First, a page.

Middleborough officials have sent a demand to the Mashpee Wampanoag for $1 million in planning payments, part of a deal they say was forged with the tribe in 2007 to site a $1 billion gaming complex in the town.
The Native American tribe eventually abandoned its plan in Middleborough and sought another host for its casino project — first in Fall River, then most recently in Taunton on a tract off Route 140, near the Silver City Galleria Mall.
But a deal’s a deal, Middleborough officials said last week.
On Monday, selectmen voted to send a letter to Wampanoag tribal leader Cedric Cromwell seeking four years of “overdue” payments.
The request was short and sweet: Citing Section 5-A of the intergovernmental contract the tribe and the town signed, officials said they are owed preopening mitigation payments of $250,000 a year and it is time to pay up. The letter was copied to US Representative William Keating, a Democrat from Bourne, as well as to the federal Bureau of Indian Affairs.
Under the 2007 contract, the validity of which remains the subject of dispute, the town was to receive $7 million annually in casino revenue, $250 million in infrastructure improvements, and the planning funds, which officials said would have paid for the community’s time and trouble in preparing for, and then hosting, the facility.
“They take the position the agreement isn’t in effect, and we take the position it is,’’ Middleborough Town Manager Charles Cristello said. “We have the agreement on our side.”
Middleborough officials have sent a bill to the Mashpee Wampanoag every year for the past four years, but the tribe denies any deal is in place, Cristello said. The tribe had sent the town three payments totaling $750,000 before it decided to bail out of Middleborough in 2009.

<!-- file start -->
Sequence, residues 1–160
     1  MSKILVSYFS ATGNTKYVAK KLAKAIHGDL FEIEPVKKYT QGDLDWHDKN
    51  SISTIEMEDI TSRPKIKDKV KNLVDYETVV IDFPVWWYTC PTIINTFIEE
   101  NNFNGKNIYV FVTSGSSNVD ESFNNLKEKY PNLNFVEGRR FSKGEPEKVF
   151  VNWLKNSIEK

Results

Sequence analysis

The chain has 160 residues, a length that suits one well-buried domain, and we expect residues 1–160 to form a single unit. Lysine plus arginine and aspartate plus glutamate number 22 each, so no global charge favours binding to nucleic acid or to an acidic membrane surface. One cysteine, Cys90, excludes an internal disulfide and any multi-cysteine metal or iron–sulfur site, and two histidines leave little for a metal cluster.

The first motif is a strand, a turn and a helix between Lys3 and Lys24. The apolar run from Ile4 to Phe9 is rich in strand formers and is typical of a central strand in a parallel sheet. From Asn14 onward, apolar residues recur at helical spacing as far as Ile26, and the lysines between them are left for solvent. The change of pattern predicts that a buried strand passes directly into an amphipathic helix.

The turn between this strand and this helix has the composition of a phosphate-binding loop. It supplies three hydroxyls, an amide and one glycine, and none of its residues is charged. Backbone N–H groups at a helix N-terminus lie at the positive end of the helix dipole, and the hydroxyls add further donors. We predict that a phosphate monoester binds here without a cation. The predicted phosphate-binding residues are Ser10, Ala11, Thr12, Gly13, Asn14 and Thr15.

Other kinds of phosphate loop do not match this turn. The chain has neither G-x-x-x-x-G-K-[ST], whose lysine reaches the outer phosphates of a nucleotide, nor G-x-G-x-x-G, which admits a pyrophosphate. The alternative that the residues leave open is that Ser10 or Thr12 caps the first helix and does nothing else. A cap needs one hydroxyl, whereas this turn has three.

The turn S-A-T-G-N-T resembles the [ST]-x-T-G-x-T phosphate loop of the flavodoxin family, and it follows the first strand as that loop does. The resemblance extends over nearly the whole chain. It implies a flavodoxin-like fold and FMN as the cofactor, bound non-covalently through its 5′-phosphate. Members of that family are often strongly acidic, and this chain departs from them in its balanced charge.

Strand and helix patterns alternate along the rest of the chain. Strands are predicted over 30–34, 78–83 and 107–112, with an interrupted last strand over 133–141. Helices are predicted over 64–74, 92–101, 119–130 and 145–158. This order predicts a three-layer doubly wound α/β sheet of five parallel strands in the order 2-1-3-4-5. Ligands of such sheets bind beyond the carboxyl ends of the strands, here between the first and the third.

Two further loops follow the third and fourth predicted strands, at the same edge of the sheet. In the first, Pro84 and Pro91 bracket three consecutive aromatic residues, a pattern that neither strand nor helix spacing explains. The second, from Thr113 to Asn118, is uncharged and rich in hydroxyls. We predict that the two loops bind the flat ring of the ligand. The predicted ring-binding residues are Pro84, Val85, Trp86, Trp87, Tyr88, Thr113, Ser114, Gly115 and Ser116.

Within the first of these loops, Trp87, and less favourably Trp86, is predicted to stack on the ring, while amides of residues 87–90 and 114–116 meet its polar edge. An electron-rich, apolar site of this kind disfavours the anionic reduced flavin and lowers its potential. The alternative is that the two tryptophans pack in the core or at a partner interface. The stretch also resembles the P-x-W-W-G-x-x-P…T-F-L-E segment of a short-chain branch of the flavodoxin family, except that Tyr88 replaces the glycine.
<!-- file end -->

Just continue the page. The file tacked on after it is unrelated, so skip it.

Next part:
A tribe spokeswoman said Wednesday that leaders could not comment on a letter they had not received.
But in a 2012 response to Middleborough’s request for payment, the tribe’s attorney, Howard M. Cooper, said leaders had increasing concerns about the town’s “irresponsible, false, and improper” efforts to promote a meritless claim through the media.
Cooper said in the letter to selectmen that the tribe wondered whether the aim was to thwart its plans in Taunton.
“The tribe has long made it clear it had no obligation to go forward with a casino in Middleborough,’’ Cooper said, describing the 2007 deal with the town as a “nonexclusive” agreement.
At the height of the casino conversation, the proposed 500-acre complex off Precinct Street would have featured a two-story gaming facility with 200 gaming tables, 4,000 slot machines, almost a dozen restaurants, retail shops, and a gas station. It had an entertainment center, a luxury hotel, and parking for 10,000 cars, according to the deal.
Discussions also included potential plans for an 18-hole golf course and other family entertainment.
But environmental issues, including wetlands concerns, raised eyebrows, as did the parcel’s proximity to struggling waterways like the Nemasket River, which runs through town and is historically a spawning ground for herring.
The site is a habitat for other potentially endangered species, like the Eastern box turtle, and opponents also feared that the casino complex could adversely affect the integrity of ground water and that waste-water disposal could pollute natural resources.
Middleborough residents and officials went out of their way to accommodate the tribe and work with its leadership to plan a casino, Cristello said, “only to be slapped in the face.”
The local debate over the casino plan was so contentious that it split the town in two, Cristello said. Some relationships were so harmed by the disagreement that people are still not talking to each other, he said.
“The only good it did was to energize a lot of people who came out and got involved in the town,’’ Cristello said. “But the good doesn’t outweigh the bad.”
Selectmen chairman Stephen McKinnon, who moved to town in 2005, stepped up to run for office to be sure his voice was heard.
“As far as I’m concerned, we still have a contract,’’ McKinnon said.
He pointed to language in the pact with the tribe that says the relationship can only be broken if both parties agree. The town has not agreed, McKinnon said.
He said the Wampanoag took advantage of Middleborough, coming in like gangbusters and then disappearing just as quickly when a host of problems got in the way, including when former tribal leader Glenn Marshall resigned amid fraud and embezzlement charges and backers of the project disappeared.
“Everybody saw dollar signs when they proposed it,’’ McKinnon said, referring to the tribe.